DEAR DOCTOR K: I have two young children. I know not to buy toys with small parts or keep coins within their reach. What other choking hazards should I be aware of?
DEAR READER: Your question is timely, because a large study on this topic was recently published. It provides answers that surprised me and may surprise you.
You’re absolutely right that toys, coins and other small solid objects are a threat. But what the new study pointed out is that food may be an even bigger threat.
The study included more than 100,000 children coming to emergency rooms in U.S. hospitals from 2001 to 2009. The kids in the study ranged from newborns to age 14. As you might expect, a lot of the kids (nearly 40 percent) were less than 1 year old. The top foods associated with choking were:
— Hard candy
— Other candy
— Fruits and vegetables
— Formula/breast milk
— Seeds, nuts and shells
— Chips, pretzels and popcorn
— Biscuits, cookies and crackers
A child’s age, of course, makes a difference. There aren’t many school-age children choking on breast milk. And on the unusual occasions when babies choke on milk or other liquids, it’s rarely serious.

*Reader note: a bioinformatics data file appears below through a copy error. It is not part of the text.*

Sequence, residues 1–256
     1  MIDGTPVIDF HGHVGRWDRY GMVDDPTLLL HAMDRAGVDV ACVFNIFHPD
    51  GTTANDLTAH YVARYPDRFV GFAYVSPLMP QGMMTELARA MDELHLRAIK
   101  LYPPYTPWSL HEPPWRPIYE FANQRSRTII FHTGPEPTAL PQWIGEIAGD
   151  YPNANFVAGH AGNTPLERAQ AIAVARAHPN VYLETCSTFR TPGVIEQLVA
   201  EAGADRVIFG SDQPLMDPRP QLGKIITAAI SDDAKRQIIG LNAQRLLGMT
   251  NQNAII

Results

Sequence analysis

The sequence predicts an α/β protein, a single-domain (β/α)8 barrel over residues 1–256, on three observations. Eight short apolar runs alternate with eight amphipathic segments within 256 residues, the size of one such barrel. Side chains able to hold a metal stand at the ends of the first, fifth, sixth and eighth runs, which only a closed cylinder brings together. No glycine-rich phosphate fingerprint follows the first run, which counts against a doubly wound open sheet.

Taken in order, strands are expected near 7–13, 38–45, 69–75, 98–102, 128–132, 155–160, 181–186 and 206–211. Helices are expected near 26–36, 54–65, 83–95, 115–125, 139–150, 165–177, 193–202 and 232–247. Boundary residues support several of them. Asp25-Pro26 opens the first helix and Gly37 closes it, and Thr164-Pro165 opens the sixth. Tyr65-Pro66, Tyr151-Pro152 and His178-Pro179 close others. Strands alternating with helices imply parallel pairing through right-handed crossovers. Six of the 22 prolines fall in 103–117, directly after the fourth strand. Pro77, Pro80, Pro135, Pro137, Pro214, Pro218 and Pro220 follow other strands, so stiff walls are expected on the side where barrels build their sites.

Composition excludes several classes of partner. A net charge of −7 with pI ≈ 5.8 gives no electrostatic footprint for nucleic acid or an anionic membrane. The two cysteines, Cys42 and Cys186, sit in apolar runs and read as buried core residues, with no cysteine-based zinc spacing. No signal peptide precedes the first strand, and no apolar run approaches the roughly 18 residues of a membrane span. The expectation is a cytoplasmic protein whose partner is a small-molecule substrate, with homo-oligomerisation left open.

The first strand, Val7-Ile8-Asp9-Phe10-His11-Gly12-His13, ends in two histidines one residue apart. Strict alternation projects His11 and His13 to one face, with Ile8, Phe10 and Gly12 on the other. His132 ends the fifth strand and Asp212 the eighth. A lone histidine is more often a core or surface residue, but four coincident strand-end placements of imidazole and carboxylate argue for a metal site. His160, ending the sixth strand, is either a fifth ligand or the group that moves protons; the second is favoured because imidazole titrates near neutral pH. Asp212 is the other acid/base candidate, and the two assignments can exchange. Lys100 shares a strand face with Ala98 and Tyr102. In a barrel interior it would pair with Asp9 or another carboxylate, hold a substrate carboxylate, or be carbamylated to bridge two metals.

To prevent choking, it’s important to know what children of each age can handle.
Infants are just figuring out how to coordinate their swallowing. By 4 to 6 months, infants will reach for foods and show interest in what their parents and others are eating. This doesn’t mean they are ready to eat those foods.
After 6 months, you can slowly work up to small pieces of soft solid foods. But make the pieces very small and soft (easily broken by a child’s mouth into smaller pieces). While it’s OK to give toddlers harder foods, you still need to be careful, especially with raw food, nuts and candy.
The following tips can help prevent choking:
— Encourage children to chew their food well.
— Sit down together for meals.
— Insist that kids sit down when they eat. (No snacks while climbing on the jungle gym or heading out to sports practice.)
— Don’t let children run, play or lie down with food in their mouths.
It’s also a good idea to learn the Heimlich maneuver. You can use this emergency technique to help a child who is choking on food or another object. Ask your pediatrician how you can learn to do the Heimlich maneuver and other lifesaving skills.
Dr. Komaroff is a physician and professor at Harvard Medical School. To send questions, go to AskDoctorK.com, or write: Ask Doctor K, 10 Shattuck St., Second Floor, Boston, MA 02115.